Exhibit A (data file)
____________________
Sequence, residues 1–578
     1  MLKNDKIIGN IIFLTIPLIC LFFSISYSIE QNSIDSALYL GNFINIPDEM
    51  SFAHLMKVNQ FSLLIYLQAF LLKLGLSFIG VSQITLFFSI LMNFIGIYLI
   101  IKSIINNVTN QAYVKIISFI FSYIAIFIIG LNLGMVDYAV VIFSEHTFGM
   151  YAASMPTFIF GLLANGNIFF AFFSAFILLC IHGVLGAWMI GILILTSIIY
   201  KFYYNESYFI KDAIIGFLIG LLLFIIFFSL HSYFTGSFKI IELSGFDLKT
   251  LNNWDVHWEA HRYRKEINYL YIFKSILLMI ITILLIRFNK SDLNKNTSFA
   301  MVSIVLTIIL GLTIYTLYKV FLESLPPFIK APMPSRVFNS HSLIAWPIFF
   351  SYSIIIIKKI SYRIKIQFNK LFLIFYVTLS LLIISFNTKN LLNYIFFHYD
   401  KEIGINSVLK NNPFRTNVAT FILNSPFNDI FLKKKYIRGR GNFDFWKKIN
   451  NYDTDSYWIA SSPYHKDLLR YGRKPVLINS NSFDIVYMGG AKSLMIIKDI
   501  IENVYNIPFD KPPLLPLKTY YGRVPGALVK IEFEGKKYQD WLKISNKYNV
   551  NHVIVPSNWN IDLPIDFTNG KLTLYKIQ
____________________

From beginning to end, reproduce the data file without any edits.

Sequence, residues 1–578
     1  MLKNDKIIGN IIFLTIPLIC LFFSISYSIE QNSIDSALYL GNFINIPDEM
    51  SFAHLMKVNQ FSLLIYLQAF LLKLGLSFIG VSQITLFFSI LMNFIGIYLI
   101  IKSIINNVTN QAYVKIISFI FSYIAIFIIG LNLGMVDYAV VIFSEHTFGM
   151  YAASMPTFIF GLLANGNIFF AFFSAFILLC IHGVLGAWMI GILILTSIIY
   201  KFYYNESYFI KDAIIGFLIG LLLFIIFFSL HSYFTGSFKI IELSGFDLKT
   251  LNNWDVHWEA HRYRKEINYL YIFKSILLMI ITILLIRFNK SDLNKNTSFA
   301  MVSIVLTIIL GLTIYTLYKV FLESLPPFIK APMPSRVFNS HSLIAWPIFF
   351  SYSIIIIKKI SYRIKIQFNK LFLIFYVTLS LLIISFNTKN LLNYIFFHYD
   401  KEIGINSVLK NNPFRTNVAT FILNSPFNDI FLKKKYIRGR GNFDFWKKIN
   451  NYDTDSYWIA SSPYHKDLLR YGRKPVLINS NSFDIVYMGG AKSLMIIKDI
   501  IENVYNIPFD KPPLLPLKTY YGRVPGALVK IEFEGKKYQD WLKISNKYNV
   551  NHVIVPSNWN IDLPIDFTNG KLTLYKIQ